I agree 100 percent. I am moved and touched by the deep songs so much more so than, say, a song about a Friday night on a dropped tailgate down by the riverbank. Because real life is hard. And I relate to that. Do you think that’s just kind of our female perspective on the world?
I think it’s more that vulnerability is really attractive to me as a songwriter. People ask me what makes a good song and I say that it’s the raw truth of something. When you find a way to say something really well, that’s a real vulnerable statement. As long as you’re telling some kind of real truth. That to me makes a great song. So on this record, I indulged in some raw, lonesome, yearning, acting-my-age songs.
Acting your age? As is, grown women with families might want to hear songs that are worlds away from the ones that single girls in their 20s want to hear?
Yes. I looked at people my age (43) and wanted to tell those stories. Women who are struggling with marriages. And then babies. And then the babies are growing up and now what? All of that. “Mama Drank” sounds like it might be funny, but there’s not really a funny element to it. Loretta (Lynn) was so good at those twists, like “Don’t Come Home a Drinkin’ (With Lovin’ on Your Mind).” It was funny, but if you dissect it, she was dealing with real woman life shit. In my mind, everybody has struggles.
There have been a handful of songs like that one in 1967. But we could certainly use a few more. If you had to give that kind of country a name, like Bro Country, what would you call it?
The Workin’ Mom Blues. All of those feelings we all have. Like you’re sucking at your job because you’re trying to be there for your kids, but then you’re sucking with your kids because you’re trying to be there for your job. And wondering, “Who am I now? Who are we in our marriage?” I haven’t heard anyone in country sing to those women in a while. I wanted to write a grown-woman record.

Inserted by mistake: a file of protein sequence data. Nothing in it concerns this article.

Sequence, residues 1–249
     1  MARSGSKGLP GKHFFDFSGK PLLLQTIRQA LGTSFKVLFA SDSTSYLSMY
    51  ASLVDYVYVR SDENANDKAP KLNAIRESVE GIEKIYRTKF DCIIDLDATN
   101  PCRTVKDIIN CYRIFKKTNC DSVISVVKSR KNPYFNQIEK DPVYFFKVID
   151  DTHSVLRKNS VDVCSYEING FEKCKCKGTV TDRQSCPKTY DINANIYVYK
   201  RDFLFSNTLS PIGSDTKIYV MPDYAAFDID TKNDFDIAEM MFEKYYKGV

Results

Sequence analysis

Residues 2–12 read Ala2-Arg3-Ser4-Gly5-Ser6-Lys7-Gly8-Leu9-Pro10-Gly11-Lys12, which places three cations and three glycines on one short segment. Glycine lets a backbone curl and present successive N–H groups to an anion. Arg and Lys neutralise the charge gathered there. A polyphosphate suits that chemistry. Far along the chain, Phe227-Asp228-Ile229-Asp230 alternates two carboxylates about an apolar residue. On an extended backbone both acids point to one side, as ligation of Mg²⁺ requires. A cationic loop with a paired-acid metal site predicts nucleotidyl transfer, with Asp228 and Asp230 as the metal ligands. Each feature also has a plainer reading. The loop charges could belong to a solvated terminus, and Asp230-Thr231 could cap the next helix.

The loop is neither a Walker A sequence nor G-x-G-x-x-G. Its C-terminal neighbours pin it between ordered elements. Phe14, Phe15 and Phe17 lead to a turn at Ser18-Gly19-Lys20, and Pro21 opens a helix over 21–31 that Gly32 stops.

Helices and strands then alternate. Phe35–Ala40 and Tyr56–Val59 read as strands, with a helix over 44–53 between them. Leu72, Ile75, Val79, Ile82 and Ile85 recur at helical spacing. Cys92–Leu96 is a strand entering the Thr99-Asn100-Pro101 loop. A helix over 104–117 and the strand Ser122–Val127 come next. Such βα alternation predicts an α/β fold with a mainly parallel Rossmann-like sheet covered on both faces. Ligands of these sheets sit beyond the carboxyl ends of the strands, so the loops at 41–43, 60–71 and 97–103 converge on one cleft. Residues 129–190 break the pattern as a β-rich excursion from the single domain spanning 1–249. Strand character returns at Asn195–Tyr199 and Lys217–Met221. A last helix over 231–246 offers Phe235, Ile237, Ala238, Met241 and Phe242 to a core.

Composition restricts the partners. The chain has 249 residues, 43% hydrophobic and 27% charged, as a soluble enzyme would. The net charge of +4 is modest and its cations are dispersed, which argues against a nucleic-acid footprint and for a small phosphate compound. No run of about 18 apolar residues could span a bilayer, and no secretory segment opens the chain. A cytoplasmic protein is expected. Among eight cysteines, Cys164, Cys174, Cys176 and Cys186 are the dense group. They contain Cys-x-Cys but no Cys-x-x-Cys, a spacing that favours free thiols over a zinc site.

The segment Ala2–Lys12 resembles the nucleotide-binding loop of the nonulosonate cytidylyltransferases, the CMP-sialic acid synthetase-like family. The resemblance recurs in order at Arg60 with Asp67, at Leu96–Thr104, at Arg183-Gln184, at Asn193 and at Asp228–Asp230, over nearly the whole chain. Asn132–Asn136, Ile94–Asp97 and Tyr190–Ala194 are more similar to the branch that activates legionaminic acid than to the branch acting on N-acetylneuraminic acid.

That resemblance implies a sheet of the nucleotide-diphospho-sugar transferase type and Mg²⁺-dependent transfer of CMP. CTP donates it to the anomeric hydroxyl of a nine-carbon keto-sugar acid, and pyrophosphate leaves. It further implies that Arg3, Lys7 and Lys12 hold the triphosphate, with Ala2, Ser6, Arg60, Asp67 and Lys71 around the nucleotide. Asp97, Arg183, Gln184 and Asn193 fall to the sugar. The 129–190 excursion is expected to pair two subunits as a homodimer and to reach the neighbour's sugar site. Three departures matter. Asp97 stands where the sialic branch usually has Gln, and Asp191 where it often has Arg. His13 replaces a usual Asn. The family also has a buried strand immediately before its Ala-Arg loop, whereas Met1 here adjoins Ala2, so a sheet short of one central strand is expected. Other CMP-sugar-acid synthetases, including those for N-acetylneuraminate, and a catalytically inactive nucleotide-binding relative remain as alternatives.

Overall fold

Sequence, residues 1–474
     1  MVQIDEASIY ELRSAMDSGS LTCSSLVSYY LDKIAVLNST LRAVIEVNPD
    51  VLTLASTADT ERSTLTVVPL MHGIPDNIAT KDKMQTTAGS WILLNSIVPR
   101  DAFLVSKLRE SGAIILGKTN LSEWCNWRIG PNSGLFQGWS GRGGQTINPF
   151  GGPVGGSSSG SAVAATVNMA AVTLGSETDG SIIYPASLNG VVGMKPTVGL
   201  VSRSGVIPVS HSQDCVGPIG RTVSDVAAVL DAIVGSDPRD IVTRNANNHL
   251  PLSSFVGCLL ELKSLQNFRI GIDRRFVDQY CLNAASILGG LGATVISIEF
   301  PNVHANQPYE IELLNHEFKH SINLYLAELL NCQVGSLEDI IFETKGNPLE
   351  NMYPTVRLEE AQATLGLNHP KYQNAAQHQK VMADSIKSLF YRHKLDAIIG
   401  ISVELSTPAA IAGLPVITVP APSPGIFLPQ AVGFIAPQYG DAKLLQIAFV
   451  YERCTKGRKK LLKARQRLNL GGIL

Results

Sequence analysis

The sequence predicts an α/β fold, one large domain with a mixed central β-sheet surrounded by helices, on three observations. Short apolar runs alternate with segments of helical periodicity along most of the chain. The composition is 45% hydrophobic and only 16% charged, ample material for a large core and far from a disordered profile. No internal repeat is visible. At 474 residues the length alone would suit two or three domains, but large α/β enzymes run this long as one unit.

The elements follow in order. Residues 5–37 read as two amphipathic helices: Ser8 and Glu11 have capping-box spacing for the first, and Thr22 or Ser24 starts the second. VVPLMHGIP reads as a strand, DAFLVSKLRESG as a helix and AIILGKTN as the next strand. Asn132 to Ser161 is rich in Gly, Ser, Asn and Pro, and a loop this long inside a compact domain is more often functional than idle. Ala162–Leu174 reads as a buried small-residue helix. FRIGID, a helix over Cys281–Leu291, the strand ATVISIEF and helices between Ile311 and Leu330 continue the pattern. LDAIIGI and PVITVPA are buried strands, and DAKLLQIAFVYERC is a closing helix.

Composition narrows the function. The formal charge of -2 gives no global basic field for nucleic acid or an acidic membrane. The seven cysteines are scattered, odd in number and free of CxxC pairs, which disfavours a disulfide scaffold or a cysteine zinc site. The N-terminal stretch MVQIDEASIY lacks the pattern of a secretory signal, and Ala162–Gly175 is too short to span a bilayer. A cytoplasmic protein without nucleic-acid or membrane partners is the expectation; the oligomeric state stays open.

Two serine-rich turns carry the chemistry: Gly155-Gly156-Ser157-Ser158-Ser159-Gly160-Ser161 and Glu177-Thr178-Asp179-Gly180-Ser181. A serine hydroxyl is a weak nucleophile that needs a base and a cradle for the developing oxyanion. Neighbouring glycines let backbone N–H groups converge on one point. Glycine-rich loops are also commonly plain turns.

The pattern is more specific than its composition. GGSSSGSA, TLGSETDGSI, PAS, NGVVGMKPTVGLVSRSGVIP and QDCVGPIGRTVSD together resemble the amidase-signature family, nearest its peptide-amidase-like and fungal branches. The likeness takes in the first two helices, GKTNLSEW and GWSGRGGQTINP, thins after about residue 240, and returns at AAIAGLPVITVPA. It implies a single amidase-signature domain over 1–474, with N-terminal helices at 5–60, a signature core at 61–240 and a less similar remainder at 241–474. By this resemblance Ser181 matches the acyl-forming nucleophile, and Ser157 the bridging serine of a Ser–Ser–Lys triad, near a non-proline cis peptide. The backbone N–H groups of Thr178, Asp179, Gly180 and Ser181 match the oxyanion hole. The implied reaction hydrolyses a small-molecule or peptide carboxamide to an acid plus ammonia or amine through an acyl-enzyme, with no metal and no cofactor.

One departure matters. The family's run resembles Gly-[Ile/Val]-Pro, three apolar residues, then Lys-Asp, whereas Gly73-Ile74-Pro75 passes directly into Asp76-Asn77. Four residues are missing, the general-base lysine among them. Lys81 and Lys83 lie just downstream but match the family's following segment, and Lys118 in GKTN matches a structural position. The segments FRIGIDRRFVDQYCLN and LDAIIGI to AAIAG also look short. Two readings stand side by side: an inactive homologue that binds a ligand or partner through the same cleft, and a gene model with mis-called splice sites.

I think I speak for all grown women when I say thank God for that. Do you have some kind of foolproof approach to writing songs like these?
My hippie dippy answer is that as an artist, I was given a voice to sing and an ear for song ideas. And I am genuinely curious about people. And I have a natural ability to put words together. Even before I was writing songs, I was writing poetry. For me, songs sometimes just kind of fall out of the sky. Like the melody for Miley Cyrus’ “The Climb” literally came to me while I was driving down the road. God whispered that in my head.
That can’t be all there is to it, though, otherwise anyone who listens for God’s whispers would be a Grammy-nominated songwriter.
Well, I also look at songwriting with a very blue-collar mindset. I go to work every day so that even when I don’t have inspiration that day, I can fall back on my craft. My muscles are strong. Some songs do fall out of the sky, but then I’m the one who has to do that hard work to follow through and write that song.
Decatur County Red Track List:
1. “Decatur County Red” (Jessi Alexander, Jon Randall)
2. “Mama Drank” (Alexander, Randall)
3. “Damn Country Music” (Alexander, Cary Barlowe, Josh Thompson)
4. “I Should Probably Go Now” (Alexander)
5. “My Problem Is You (Alexander, Randall)
6. “Country Music Made Me Do It” feat. Randy Houser (Alexander, TJ Osborne, John Osborne)
7. “Lonely Out Of Me” (Alexander)
8. “How I’m Going Out” (Alexander, Randall)